Bul­lets in Bo­livia: Ghost Re­con Wild­lands Re­view

mailife - - Contents - By AL­BERT ROLLS

Ghost Re­con: Wild­lands is the lat­est in­stal­ment in the Ghost Re­con series, which is known for its hard as nails tac­ti­cal and re­al­is­tic ac­tion. In most videogames you can ex­pect bad­dies and your he­roes to take a few bul­lets be­fore tak­ing a dirt­nap, but in Ghost Re­con they err on the side of re­al­ism. Head­shots and sneak­ing around to set up syn­chro­nous snip­ing are the or­der of the day here, and on some level that’s what you get from Wild­lands, but I think they may have made a mis­take in mak­ing it a huge open world. I’ll get to that though. Ubisoft Paris are the team be­hind Wild­lands, part of the wider Ubisoft par­ent com­pany that owns such prop­er­ties as As­sas­sins Creed, Far Cry and Watch­dogs. They also pro­duced quite a few Ghost Re­con games in the past, such as Ghost Re­con Fu­ture Sol­dier and Ghost Re­con 2 back in 2004. How­ever, the trend in the last few years for Ubisoft is to make things big. Huge, big, some­what empty open worlds. Wild­lands is one of the largest game worlds yet, 21 mas­sive prov­inces are yours to ex­plore in this fic­tional rep­re­sen­ta­tion of Bo­livia. I’m not so sure that big­ger al­ways means bet­ter. In Wild­lands, you lead a team of spe­cial­ists sent into Bo­livia to dis­rupt the Santa Blanca Car­tel, a mas­sive drug or­ga­ni­za­tion led by a man named El Se­uno. Your job is take down the var­i­ous lead­ers of the car­tel, and even­tu­ally the big man him­self. This is ac­com­plished through search­ing for in­tel in car­tel bases, in­ter­ro­gat­ing lieu­tenants or talk­ing to var­i­ous rebel lead­ers scat­tered through the prov­inces. Tak­ing out en­emy out­posts is a lot of fun, rem­i­nis­cent of Far Crys out­posts. Scope out the en­emy partrols and po­si­tions with your drone, set up sync shots with your com­puter con­trolled squad (or friends via on­line mul­ti­player) and then usu­ally watch it all crum­ble apart and de­scend into a chaotic fire­fight when your team gets spot­ted. I didn’t re­ally ap­pre­ci­ate the story or char­ac­ters too much though. The Ghosts are a bit too dry, with lots of gal­lows hu­mor and mil­i­tary hoo-ha when they chat­ter. Also, you will hear the words “Tan­gos spot­ted, I’ve got a car­tel gun­man with sub-ma­chine­guns” about fifty mil­lion times as you play through the game. The tar­gets in the car­tel are some­what in­ter­est­ing though, but the DJ and the mu­sic that plays on the ra­dio is a lit­tle too com­i­cal and over the top for my lik­ing. I ap­pre­ci­ate that kind of stuff in a game like Grand Theft Auto, but Ghost Re­con tries to be more “re­al­is­tic”, so the hu­mor ei­ther falls flat or feels forced. Game­play wise, the en­e­mies range from ei­ther brain­dead card­board cutouts to psy­chic min­dread­ers who can spot you from a mile away and man­age to hit you. The driv­ing con­trols are also su­per slidey and don’t get me started on the he­li­copter con­trols. Fly­ing is the most ef­fec­tive way to get from point A to point B quickly, but it’s such a sim­pli­fied fac­sim­ile of fly­ing a he­li­copter that while it doesn’t feel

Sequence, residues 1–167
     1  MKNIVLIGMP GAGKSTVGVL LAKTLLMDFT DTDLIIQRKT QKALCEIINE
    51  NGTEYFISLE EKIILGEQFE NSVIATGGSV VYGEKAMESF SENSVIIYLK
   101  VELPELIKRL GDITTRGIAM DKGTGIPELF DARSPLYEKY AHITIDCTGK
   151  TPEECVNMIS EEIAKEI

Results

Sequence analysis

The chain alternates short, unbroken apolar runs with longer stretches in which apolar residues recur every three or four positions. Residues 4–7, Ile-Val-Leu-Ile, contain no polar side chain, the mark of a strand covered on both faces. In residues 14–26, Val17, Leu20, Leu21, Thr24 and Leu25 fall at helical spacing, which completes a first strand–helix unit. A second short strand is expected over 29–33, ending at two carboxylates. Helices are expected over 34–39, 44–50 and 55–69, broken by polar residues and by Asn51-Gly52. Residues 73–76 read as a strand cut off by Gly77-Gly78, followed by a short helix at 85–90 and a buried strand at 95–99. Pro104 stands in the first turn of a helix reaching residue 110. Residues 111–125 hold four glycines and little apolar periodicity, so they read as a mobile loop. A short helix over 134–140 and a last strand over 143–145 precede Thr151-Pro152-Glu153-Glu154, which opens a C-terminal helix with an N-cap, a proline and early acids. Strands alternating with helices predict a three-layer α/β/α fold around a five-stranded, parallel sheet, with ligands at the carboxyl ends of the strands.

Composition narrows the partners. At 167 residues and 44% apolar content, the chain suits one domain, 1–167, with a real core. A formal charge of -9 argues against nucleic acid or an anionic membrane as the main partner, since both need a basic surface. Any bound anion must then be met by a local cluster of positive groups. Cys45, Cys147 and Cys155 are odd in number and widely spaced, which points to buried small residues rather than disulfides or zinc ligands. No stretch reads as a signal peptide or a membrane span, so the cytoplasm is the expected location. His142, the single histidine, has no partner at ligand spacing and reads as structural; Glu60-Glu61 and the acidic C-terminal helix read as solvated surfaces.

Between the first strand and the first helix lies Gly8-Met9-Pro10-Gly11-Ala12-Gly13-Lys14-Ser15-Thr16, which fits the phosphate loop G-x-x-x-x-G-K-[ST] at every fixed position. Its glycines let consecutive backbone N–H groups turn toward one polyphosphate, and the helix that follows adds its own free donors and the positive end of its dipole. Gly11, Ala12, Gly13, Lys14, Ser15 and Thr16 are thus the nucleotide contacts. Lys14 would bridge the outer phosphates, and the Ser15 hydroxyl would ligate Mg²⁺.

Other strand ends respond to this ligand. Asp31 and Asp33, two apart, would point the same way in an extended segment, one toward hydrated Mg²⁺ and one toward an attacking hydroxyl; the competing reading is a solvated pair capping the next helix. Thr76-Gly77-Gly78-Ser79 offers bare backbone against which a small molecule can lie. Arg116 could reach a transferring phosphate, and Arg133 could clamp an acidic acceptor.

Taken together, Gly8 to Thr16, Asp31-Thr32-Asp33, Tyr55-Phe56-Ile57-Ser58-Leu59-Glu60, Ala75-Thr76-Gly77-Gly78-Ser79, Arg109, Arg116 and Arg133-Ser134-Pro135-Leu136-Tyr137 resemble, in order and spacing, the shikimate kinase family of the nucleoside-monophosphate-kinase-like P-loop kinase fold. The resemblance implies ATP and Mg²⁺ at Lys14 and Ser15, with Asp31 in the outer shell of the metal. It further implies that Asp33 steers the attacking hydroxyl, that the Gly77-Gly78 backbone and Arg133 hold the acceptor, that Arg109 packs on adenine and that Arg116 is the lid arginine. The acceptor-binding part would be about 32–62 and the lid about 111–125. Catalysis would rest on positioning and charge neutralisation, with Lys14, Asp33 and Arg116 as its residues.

dif­fi­cult, it also never feels re­ward­ing. That ac­tu­ally kind of sums up Wild­lands re­ally. It’s a gi­ant sand­box, with some pun­ish­ing as­pects to it. If you get spot­ted and shot you go down pretty quickly, but so do the en­e­mies. So you learn that the best way to ap­proach ev­ery out­post is to slowly scope out ev­ery­thing and snipe them from hun­dreds of me­ters away. With the AI ac­tu­ally fak­ing the sync shot me­chanic most of the time it’s re­ally easy to take out bad guys in twos, threes and even­tu­ally groups of four can be taken out re­ally eas­ily, and qui­etly. Once you learn that, you be­gin “the loop” that I al­ways end up do­ing in these open world games. Find the eas­i­est way to take out bad­dies, find a ve­hi­cle that I need and fly from point to point clean­ing up ev­ery­thing up and hoover­ing up re­sources. It be­gins to feel like a chore re­ally quickly in Wild­lands. For the pur­poses of this re­view, I did reach the con­di­tion re­quired to take on “the fi­nal boss.” Fight­ing a “boss” in a tac­ti­cal shooter is very hard thing to do. You can’t give them a tonne of hit points or ar­mor, be­cause that would feel cheap. In­stead, Wild­lands gives you 10 min­utes to fight your way through ar­mored ve­hi­cles and a small army of sol­diers to get to the last cutscene, which is on the other side of the map. I tried once, and was gunned down af­ter tak­ing the di­rect route. So in­stead, I went off the guided path, drove out into the wilder­ness to­wards an out­post that I knew had a he­li­copter. I didn’t fight any­one, sim­ply burst through the gates and hopped in the chop­per, and flew it to­wards the goal. To be fair, the chop­per was shot down by a sur­face to air mis­sile, but not be­fore I jumped out and parachuted right onto the “glowy cir­cle” that was the goal. Which led to a cutscene with the con­clu­sion of the games story. Af­ter which I was popped back out, into the world and cut to pieces by the army of guards that had fol­lowed me to the big badguys base. Wild­lands is graph­i­cally very, very pretty. It’s also fun with friends if you can get a full squad to­gether to take on the car­tel. But it’s also very large and empty, and some­times hard to con­trol. I don’t think I can rec­om­mend it over some­thing like Grand Theft Auto V, and it’s such a tonal shift from the “tac­ti­cal shooter” of the pre­vi­ous games that I can’t even re­ally rec­om­mend it to fans of the series. My ad­vice is to pick it up on sale, un­less you’re ab­soloutely starved for an open world shooter and have a few friends who are in­ter­ested in it too.

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